“If you want to be successful, it’s just this simple. Know what you are doing. Love what you are doing. And believe in what you are doing.”
Everything is laborious. It’s either too hot, or too cold. And every three steps you find yourself completely out of breath. That, in short, is what living at altitude is like. Though it sounds nothing short of miserable, and more often than not is, I have definitely felt the pull towards trekking, climbing, and cycling at altitude since my first taste in South America (LINK CLIMBING). After cycling and trekking over 5,000m this trip, I have decided that I enjoy walking up much more than pedaling, but that the descent on a bike is obviously a lot more fun than the treacherous walk down.
Just before climbing our first pass situated at 5,000m, we set up camp right next to this shepherds hut. These huts, which we have slept in or beside before, are all over the mountains and are usually simple rock structures, often without roofs, which protect you from the wind if nothing else.
Though we had been slowly gaining for a while, we left the last 600-700m of elevation gain for the morning when we were fresh.
There was obviously still some snow left…
We were very surprised to find the road continued up and over the pass, though I doubt it gets used more than a few times every summer. As trekkers, the dozens of switch backs would have been horrible so we opted for a more straight up route instead.
Like on top of any pass here, there was a stumpa decorated with prayer flags waiting to greet me!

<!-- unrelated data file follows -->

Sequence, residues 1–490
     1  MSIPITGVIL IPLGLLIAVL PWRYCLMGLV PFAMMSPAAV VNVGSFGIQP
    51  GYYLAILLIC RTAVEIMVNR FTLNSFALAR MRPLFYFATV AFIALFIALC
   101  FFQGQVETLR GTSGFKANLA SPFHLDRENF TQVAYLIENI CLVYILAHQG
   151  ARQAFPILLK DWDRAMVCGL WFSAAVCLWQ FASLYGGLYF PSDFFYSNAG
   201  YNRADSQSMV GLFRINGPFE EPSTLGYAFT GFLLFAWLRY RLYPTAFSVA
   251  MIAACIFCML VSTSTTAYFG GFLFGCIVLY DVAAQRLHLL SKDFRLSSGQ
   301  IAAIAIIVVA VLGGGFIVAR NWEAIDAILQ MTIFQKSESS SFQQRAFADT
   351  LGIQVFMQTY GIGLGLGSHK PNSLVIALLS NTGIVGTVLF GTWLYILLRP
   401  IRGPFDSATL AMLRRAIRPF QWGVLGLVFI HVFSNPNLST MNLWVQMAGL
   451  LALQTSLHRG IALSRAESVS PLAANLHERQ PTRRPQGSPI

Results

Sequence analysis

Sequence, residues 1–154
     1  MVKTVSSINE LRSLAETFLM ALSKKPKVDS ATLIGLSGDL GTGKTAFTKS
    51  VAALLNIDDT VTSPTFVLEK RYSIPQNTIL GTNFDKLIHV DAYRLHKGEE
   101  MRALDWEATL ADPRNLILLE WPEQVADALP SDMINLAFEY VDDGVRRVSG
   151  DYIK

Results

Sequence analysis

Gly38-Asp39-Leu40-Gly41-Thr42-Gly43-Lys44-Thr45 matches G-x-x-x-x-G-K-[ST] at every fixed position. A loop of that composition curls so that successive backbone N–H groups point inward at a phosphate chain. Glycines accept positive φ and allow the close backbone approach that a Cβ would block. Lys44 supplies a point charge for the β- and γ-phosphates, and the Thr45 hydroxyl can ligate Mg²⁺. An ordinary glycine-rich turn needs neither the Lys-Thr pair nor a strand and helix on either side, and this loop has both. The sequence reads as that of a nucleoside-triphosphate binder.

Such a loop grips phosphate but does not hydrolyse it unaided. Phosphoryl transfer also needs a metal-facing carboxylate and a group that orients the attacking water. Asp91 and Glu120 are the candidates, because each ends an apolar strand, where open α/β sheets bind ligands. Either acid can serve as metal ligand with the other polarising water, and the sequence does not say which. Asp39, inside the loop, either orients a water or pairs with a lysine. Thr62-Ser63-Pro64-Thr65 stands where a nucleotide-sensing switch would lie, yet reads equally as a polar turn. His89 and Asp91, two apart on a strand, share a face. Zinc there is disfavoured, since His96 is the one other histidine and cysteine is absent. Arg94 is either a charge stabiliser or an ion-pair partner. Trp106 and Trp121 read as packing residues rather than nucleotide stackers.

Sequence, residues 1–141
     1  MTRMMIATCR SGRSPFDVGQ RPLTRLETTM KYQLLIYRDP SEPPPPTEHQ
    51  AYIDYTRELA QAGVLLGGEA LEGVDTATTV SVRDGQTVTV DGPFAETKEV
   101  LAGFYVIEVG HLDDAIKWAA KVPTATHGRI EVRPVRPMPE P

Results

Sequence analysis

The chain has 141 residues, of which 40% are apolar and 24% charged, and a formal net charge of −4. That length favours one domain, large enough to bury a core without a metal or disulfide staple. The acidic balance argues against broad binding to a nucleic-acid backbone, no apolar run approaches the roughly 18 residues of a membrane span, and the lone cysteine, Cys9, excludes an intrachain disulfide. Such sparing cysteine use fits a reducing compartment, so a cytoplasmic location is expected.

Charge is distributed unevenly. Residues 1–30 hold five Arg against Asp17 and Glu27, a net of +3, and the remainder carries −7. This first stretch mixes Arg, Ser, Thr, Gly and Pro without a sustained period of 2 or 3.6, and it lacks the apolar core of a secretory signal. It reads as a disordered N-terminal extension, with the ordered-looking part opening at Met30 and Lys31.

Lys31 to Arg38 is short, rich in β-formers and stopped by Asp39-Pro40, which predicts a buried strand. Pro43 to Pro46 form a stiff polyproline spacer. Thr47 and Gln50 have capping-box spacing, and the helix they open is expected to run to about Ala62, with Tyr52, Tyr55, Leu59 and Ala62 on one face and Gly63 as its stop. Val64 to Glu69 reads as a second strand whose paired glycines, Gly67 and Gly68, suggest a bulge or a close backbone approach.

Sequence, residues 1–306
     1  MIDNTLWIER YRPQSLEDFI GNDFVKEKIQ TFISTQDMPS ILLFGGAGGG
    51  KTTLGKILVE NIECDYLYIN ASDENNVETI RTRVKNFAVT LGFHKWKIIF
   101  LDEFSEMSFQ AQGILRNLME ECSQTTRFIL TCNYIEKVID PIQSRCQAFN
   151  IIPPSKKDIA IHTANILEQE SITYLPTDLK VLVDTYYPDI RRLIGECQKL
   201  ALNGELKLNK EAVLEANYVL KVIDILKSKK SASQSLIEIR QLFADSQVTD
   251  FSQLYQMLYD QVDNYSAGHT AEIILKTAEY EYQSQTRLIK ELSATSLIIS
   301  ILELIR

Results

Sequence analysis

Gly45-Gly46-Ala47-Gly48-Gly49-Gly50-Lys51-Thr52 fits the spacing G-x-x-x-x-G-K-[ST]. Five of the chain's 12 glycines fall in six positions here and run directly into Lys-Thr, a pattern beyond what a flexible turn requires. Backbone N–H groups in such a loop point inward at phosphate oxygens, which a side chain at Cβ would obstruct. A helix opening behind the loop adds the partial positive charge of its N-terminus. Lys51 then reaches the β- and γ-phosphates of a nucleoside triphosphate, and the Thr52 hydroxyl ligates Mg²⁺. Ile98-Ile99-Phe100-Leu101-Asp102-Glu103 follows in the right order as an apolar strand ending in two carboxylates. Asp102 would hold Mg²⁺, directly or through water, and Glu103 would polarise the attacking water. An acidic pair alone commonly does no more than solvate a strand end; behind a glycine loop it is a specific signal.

At the top there was also a small shack which held two prayer wheels which have obviously been there for many years. Just imagine carrying those up on your back!
It’s always nice to look behind you and realize that you won’t be climbing up that again.
Of course, that is until you realize you have spotted pass number two (yes, that huge mountain range to the right is what I’m talking about).
See the switchbacks?
What about on this one (pass number three)?
Ironically enough it wasn’t the passes themselves which were the most difficult, but rather the numerous ups and downs (often gaining and loosing at least 500m of elevation at a time) which took place between these climbs. When you see a pass ahead (notably the switchbacks which often come along with it) you are able to prepare yourself mentally for a slow but steady trudge to the top. With the smaller more frequent ups and downs though it is mentally and physically exhausting, not to mention frustrating because often you have to dip down, and then right back up, due to a river you have to cross or an impassible rocky ridge. Seeing your goal on the other side at the same elevation you are at but with a huge drop and then climb up in front of you is hard.